The Backyardigans: “Polka Palace Party” Review

The Backyardigans is a Nickelodeon preschool show that is enjoyed by both adults and children. We continue the series with reviewing the DVD, Polka Palace Party. This week’s episode is, “Polka Palace Party.”

Themes: Creativity, Friendship, Musical Appreciation
Cost/Availability: $1.99 on iTunes. Whole DVD available on Amazon for ~$9.00
Length: ~24 minutes

This episode of The Backyardigans is the first to actively acknowledge its own musical genre. The “polka” in “Polka Palace Party” is not a reference to polka dots or simply a silly word for alliteration purposes, but the actual music style for this episode. The characters are all individual polka musicians – and very talented ones, too – who meet up to play at a birthday party.

One of the programs that The Backyardigans has been compared to is Disney’s Little Einsteins; a fair comparison, since they both use music to enhance their lessons, though vastly different in style and execution. Which show is more entertaining is a matter of personal preference, of course, and one of the things that distinguishes Little Einsteins from other music-oriented shows is the announcement of the composer or musical genre featured in each episode. The Backyardigans doesn’t do this; in fact, the setting often is in wild contrast to its music’s origins (as in “The Key to the Nile,” which was not Egyptian, but Broadway). Not only does this avoid unnecessary stereotyping, but also keeps tried-and-true music styles and songs fresh and interesting.

“Polka Palace Party” is one big love letter to polka, specifically German-American polka, which is the most common that is played in the Mid- and Western United States. Tyrone plays the most important instrument, the tuba, while Uniqua, Pablo, and Austin accompany him on the clarinet, accordion, and drums, respectively. Their instruments act as sort of Peter and the Wolf-style leitmotifs for each character, coming together in a wondrous quartet for the grand finale (after a lovely rendition of “Oh My Darling, Clementine” for Sherman the Worman).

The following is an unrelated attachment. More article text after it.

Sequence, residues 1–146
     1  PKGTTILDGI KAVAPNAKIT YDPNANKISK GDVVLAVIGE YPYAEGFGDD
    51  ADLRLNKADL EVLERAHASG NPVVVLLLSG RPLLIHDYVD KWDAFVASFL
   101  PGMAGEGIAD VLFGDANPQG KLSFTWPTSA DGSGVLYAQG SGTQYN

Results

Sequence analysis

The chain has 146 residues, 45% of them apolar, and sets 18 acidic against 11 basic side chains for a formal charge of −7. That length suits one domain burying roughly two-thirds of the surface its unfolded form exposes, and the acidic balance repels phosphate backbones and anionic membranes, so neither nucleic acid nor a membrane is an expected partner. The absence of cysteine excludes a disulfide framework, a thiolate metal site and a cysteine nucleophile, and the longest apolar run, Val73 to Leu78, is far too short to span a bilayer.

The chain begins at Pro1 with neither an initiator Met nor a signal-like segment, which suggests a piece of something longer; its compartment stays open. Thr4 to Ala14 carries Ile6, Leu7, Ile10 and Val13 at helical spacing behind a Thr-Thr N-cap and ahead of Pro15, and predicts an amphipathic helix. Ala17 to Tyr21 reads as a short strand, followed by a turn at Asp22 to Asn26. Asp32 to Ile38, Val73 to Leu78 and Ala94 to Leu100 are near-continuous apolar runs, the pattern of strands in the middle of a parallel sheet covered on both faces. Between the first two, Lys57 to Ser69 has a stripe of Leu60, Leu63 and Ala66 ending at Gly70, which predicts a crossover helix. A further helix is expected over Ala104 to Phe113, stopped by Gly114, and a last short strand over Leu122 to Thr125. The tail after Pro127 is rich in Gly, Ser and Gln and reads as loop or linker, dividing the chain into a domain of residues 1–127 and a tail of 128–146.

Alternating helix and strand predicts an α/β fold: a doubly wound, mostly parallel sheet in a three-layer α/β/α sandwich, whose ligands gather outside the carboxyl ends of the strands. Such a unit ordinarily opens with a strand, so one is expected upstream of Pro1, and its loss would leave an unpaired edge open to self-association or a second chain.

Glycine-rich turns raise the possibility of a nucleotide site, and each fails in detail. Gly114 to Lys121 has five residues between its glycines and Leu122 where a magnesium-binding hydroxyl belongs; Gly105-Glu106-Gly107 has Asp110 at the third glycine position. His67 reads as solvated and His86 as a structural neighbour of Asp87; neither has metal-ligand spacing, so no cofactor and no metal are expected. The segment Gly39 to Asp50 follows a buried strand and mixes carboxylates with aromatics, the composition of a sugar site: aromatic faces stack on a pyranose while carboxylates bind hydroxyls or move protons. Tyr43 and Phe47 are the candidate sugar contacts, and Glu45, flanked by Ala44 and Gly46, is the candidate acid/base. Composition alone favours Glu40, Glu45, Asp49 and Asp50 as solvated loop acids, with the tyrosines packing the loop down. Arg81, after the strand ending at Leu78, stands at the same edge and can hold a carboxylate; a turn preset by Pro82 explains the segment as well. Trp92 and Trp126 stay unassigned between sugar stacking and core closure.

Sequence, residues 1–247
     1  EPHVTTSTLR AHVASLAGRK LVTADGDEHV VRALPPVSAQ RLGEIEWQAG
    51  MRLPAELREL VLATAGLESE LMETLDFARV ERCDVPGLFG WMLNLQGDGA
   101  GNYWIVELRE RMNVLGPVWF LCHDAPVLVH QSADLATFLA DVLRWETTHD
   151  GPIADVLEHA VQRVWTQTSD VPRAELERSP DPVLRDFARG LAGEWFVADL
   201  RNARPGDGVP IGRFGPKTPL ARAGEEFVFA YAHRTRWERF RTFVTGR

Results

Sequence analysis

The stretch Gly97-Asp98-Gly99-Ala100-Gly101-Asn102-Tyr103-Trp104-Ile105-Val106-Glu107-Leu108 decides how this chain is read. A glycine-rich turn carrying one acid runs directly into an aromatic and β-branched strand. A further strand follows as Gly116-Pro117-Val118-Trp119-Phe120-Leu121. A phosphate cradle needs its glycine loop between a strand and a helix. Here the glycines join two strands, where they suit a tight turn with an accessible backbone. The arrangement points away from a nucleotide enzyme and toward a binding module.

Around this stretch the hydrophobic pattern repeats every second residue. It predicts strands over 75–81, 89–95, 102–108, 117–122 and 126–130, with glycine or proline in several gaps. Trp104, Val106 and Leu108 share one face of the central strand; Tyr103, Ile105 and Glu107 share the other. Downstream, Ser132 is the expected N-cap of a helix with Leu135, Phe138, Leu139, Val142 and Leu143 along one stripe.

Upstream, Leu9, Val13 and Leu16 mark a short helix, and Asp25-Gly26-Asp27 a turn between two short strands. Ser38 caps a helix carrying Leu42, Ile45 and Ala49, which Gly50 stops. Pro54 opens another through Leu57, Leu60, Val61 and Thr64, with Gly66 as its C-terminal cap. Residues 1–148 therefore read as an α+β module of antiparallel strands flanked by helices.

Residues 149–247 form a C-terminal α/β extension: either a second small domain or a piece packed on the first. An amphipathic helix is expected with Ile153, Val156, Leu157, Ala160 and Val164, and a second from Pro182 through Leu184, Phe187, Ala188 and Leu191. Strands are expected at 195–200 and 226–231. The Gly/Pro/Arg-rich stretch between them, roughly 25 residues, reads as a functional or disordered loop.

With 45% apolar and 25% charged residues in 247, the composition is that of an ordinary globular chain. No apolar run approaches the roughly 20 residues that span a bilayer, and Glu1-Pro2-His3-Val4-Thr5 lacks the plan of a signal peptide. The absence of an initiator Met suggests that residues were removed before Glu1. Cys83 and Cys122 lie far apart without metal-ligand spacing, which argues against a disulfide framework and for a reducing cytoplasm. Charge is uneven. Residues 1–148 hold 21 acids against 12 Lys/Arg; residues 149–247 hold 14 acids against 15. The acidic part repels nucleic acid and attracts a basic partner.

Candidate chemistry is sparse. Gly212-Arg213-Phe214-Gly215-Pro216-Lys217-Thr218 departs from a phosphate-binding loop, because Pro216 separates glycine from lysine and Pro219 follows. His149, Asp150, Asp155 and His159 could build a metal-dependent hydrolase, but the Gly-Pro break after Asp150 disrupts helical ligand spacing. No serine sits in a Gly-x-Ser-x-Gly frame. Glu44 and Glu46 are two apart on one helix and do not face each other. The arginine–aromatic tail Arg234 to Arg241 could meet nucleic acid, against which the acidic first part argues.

A small side-story is how much they all love their instruments, and it all seemingly ends in tragedy when the instruments disappear over a waterfall – right before they have to perform. Disheartened but unwilling to abandon their friend, they go to the party anyway, where, in true deus ex machina fashion, their instruments are waiting for them.

Tyrone: The other wormans found them in the river!
Austin: And took them out?
Pablo: And dried them off?
Uniqua: And set them up?
Austin: Strong little fellers.

The episode is also a shout-out to Wyoming, judging by the stunningly beautiful backgrounds, especially the shot of the polka palace itself. The animation has slowly improved as the season goes on, and will continue to do so. Sherman the Worman makes his first appearance in the show (if you’ve been following these reviews), but he and his worman friends will pop up again. Overall, this episode is less to do about a specific lesson than once again reiterating the importance of friendship and teamwork, along with musical appreciation.

The next episode is also on the Polka Palace Party DVD, “High Tea.”

What type of music does your child enjoy?

[Images © Nickelodeon via Viacom, Inc.]

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